Background The photorefractive keratectomy (PRK) is approved for Air Force pilots in several nations. The occupational environments of pilots in the Air Force are unique, including extremely high altitude, low oxygen tension, high ultraviolet light exposure and high G-force load. The short-term efficacy and safety of PRK for pilots are documented. However, the study for long-term visual and refractive outcomes of PRK in pilots is limited.
Objective To investigate the long-term visual and refractive outcomes in a 4-year follow-up period after PRK in pilots with low to moderate myopia.
Methods Thirty-eight eyes of 20 subjects that underwent PRK and recruited to Air Force pilot were evaluated preoperatively and at 3, 6, 12, 24, and 48 months postoperatively.
Results The mean patient age was 21.42±0.75 years. The mean preoperative manifest refraction spherical equivalent (SE) was −1.51±1.15 diopters (D). At 4 years postoperatively, the mean SE was −0.29±0.51, 89.5% of eyes achieved 20/20 or better Snellen uncorrected visual acuity, 71.1% of eyes were within ±0.50 D of emmetropia. The refraction stabilised by 6 months and was maintained up to the 4-year follow-up stage.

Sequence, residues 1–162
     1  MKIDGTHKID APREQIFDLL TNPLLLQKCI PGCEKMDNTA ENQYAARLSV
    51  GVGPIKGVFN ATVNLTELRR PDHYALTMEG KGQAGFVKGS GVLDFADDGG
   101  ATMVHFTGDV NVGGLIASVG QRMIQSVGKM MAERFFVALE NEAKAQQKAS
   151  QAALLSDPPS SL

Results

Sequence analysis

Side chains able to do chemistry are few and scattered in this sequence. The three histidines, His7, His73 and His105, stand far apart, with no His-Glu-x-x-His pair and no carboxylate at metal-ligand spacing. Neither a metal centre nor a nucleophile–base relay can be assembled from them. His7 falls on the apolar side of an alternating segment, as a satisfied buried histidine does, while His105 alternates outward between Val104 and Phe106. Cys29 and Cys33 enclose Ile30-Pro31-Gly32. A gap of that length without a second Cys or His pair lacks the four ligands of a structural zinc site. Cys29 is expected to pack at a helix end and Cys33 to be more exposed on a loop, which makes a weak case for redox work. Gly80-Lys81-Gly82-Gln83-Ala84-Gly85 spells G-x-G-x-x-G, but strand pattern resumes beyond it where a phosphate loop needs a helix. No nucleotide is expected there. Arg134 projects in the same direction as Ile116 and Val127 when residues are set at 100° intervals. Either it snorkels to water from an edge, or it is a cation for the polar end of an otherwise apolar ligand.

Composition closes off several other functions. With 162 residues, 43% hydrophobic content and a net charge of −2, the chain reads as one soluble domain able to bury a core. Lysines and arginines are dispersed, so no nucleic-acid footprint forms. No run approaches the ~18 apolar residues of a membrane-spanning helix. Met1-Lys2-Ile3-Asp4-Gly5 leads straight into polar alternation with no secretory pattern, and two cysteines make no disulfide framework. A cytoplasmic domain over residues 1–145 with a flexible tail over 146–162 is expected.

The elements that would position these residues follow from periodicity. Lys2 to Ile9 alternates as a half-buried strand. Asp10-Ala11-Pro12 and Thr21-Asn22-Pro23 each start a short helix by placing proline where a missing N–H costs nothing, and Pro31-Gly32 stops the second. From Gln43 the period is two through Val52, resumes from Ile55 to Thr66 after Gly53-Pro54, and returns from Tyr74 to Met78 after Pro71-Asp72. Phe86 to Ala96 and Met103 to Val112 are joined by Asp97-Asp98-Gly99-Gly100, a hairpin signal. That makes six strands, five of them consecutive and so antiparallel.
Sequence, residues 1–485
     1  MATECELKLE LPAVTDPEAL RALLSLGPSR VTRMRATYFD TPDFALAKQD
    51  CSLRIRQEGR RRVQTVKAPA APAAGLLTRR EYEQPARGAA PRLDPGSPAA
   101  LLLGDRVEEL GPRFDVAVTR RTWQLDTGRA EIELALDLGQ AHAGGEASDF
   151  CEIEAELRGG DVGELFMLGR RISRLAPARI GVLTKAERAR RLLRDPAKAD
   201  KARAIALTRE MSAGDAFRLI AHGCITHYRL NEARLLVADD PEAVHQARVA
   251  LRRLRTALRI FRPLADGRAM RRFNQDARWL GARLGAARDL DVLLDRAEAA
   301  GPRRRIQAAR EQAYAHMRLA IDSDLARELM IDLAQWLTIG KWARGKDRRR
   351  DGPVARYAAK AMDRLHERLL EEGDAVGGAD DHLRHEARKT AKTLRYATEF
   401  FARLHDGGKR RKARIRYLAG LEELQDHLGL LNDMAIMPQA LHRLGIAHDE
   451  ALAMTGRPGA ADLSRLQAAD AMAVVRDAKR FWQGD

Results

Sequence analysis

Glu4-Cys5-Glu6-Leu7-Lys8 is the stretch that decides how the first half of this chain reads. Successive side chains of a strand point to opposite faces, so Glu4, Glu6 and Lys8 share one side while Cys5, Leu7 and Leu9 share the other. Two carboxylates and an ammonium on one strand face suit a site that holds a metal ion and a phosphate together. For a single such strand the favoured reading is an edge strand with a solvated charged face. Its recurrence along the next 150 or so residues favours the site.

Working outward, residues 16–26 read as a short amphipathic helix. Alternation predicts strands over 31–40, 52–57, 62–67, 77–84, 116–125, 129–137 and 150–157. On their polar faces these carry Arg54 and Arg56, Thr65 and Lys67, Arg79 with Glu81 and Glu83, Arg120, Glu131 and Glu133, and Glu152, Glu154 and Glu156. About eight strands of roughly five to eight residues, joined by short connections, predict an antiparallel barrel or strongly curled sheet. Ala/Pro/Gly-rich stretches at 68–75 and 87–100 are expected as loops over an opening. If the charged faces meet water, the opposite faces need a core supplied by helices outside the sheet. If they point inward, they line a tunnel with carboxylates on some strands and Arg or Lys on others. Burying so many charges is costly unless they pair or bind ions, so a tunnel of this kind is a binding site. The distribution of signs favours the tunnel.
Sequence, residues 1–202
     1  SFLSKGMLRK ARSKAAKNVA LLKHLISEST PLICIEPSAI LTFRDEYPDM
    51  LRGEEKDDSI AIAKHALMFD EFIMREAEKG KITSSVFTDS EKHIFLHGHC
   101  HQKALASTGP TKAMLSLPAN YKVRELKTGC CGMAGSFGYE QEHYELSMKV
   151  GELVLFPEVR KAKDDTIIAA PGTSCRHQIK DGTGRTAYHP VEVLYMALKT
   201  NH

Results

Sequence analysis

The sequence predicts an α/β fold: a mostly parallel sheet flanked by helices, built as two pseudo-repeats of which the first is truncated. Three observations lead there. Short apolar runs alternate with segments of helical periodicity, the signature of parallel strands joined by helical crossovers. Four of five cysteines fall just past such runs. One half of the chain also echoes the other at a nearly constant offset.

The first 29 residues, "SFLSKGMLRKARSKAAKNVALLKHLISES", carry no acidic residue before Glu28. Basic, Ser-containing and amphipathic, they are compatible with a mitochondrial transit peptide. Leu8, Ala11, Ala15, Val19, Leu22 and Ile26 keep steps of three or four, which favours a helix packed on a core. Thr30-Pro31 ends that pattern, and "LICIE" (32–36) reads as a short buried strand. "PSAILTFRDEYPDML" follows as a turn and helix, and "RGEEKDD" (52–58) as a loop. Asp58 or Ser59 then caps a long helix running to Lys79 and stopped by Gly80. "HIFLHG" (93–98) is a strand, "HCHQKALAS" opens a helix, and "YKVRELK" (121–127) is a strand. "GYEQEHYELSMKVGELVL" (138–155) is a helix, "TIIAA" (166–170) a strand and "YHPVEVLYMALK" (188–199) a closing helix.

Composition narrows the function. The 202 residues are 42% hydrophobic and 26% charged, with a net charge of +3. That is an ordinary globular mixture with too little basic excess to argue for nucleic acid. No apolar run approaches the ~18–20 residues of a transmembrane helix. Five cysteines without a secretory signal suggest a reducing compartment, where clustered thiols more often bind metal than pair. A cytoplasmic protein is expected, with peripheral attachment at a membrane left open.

Conclusions PRK for pilots with low to moderate myopia is safe and effective in the long term. High-altitude environmental stress exposure has no effect on the refractive stability after PRK.
Trial registration number ROKAF-ASMC-2015-IRB-002.
- Optics and Refraction
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